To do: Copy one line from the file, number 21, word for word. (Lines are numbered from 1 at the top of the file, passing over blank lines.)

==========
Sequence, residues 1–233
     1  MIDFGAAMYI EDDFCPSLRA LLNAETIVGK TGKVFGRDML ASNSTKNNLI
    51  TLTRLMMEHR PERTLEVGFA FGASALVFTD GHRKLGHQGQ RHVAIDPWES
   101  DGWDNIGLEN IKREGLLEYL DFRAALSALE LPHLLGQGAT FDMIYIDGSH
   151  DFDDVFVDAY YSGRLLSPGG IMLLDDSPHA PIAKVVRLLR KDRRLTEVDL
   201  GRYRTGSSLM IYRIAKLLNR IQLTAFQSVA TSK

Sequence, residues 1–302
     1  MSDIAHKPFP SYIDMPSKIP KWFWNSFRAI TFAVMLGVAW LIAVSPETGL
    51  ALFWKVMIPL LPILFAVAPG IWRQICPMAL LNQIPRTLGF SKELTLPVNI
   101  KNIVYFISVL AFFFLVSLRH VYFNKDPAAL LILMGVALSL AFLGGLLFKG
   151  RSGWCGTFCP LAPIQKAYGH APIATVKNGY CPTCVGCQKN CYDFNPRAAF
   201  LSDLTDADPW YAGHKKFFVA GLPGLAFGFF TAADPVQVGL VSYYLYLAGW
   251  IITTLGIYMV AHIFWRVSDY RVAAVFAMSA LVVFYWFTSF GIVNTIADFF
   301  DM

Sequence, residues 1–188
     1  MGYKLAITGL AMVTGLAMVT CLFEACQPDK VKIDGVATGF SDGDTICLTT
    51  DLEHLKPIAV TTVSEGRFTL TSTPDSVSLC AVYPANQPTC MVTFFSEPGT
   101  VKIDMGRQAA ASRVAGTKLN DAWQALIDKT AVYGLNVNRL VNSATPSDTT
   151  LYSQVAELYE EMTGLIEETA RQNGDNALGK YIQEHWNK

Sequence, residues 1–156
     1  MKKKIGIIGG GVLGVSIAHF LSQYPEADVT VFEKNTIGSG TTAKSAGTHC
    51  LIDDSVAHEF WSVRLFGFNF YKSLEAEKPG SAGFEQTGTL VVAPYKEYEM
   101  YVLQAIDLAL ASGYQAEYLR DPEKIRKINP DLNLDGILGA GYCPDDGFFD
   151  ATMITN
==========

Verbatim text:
     1  MKKKIGIIGG GVLGVSIAHF LSQYPEADVT VFEKNTIGSG TTAKSAGTHC